Things I Learned After My Fourth Concussion

On December 28th of 2009 I stepped on what I thought was a puddle. It was a good, confident, I’m-ready-for-this-day-even-though-it’s-six-in-the-morning-and-winter, step. And then I slipped on the “puddle” and fell down. It was ice. And I’ve probably been falling down, one way or another, ever since.

I tried to go to work that morning. My co-worker said rather unabashedly, “You look terrible,” and asked what happened. I said “I hit my head,” even though it felt like what had happened was so much more significant than that. “I hit my head” makes it seem like I opened the cupboard door on my forehead, or I misjudged the ceiling when I got out of my car. “I hit my head” is something you say right before you erupt into giggles at a sleepover.

I should have said, “There’s been an earthquake. In my brain. 8.0 on the Richter scale at least.”

I was diagnosed with a moderate concussion and told to take the week off from work. I went home, but I’ll admit still worked.

Six years later I understand that what I thought was perseverance was poor judgment. 

My second and third concussions were unremarkable. For the second, I slipped on the ice again. The third, I fainted and hit my head on the way down. These concussions were unremarkable in that they were mild. I was back to my old self within a little over a week.

The fourth concussion was stupid. Dumb luck. The kind of situation that makes you think, really? She’s having this much trouble because of that?

My dog hit me. Like a boxer, he reared up and clocked me right under the chin. Uppercut. I didn’t even fall down this time. And yet, this injury has tipped the scales of my life in ways that have completely knocked me over.

It’s been 9 months since the accident and I still experience dizzy spells, an inability to concentrate, stuttering, fatigue, and balance problems. I’ve come to accept that “returning to my old self” might not happen for a long time, or ever.

This is what I’ve learned as I recover from my fourth concussion.

The body is a wild, intelligent creature.

I assume, though I can’t know for sure, that when I don’t want to drink coffee, and beer tastes like Scope Mouthwash, it’s my body’s way of saying, “Don’t drink that shit, we’re trying to heal a brain, here.”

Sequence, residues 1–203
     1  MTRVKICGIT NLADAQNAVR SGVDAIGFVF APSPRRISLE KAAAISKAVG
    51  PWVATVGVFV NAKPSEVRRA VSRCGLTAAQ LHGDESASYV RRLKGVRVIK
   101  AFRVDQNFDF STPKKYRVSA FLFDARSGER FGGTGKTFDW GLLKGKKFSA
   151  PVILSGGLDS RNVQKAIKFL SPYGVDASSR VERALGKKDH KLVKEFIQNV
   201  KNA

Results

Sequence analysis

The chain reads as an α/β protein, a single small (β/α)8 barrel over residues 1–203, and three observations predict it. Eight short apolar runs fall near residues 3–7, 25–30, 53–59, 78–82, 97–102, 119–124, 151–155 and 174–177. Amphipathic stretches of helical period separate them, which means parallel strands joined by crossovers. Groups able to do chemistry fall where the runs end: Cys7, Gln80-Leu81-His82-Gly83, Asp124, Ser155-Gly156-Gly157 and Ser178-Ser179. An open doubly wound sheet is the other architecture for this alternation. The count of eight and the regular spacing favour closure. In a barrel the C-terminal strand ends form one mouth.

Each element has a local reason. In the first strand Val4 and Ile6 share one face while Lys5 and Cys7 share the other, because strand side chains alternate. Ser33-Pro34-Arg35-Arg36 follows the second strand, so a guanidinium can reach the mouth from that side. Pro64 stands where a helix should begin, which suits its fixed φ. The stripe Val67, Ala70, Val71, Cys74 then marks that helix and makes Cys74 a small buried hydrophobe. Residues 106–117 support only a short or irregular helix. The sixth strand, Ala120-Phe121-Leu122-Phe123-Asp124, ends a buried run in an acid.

I realize that my body was probably sending me messages like this even before the accident. I was just too distracted to pay attention.

Hard is not the same as bad.

I had to quit my side job as a fitness instructor because I couldn’t do it anymore. I taught one class a week on Saturdays and I loved my clients. They are wonderful people, and choosing to give up that Saturday morning routine was hard.

But after I made the decision something happened. Instead of feeling like exercise was my job or something I did for other people, exercise became something I did to feel good, and something I did for me.

Sometimes We Don’t Know Why  

In the weeks after the injury I was scheduled for an MRI, and an x-ray, both

of which came back clear. My doctors told me things like, “concussions are weird,” and “we’re sort of guessing,” and “let’s give it more time.”

Two months after the fourth concussion I had what was likely a stroke. Again, my tests came back clear, and as I lay in the hospital bed, waiting to be discharged, the doctor asked me if I had any questions.

I asked through my stuttering, “Why does this keep happening?!”

The question I was really asking him was, how can I be having these neurological episodes if all my tests are coming back clear? The poor doctor didn’t have an answer.

But I think I was asking something else, too. I needed to ask the question out loud, and the doctor just happened to provide the opportune moment.

Why does this keep happening, to me? How can a person who doesn’t play contact sports, or rock climb, or work construction have four concussions?

I was talking to someone who also fell and got a concussion. She said, “It’s weird. So many things feel different now. I feel like I got the sense knocked into me.” And I knew exactly how she felt. It took the inability to use my brain to begin to use it wisely.

Getting the sense knocked into me was about giving myself permission to start over. To have a second chance at being me. To learn how not to fall down, and more importantly, how to stand up.

note: This piece originally appeared on a separate blog owned by the author.

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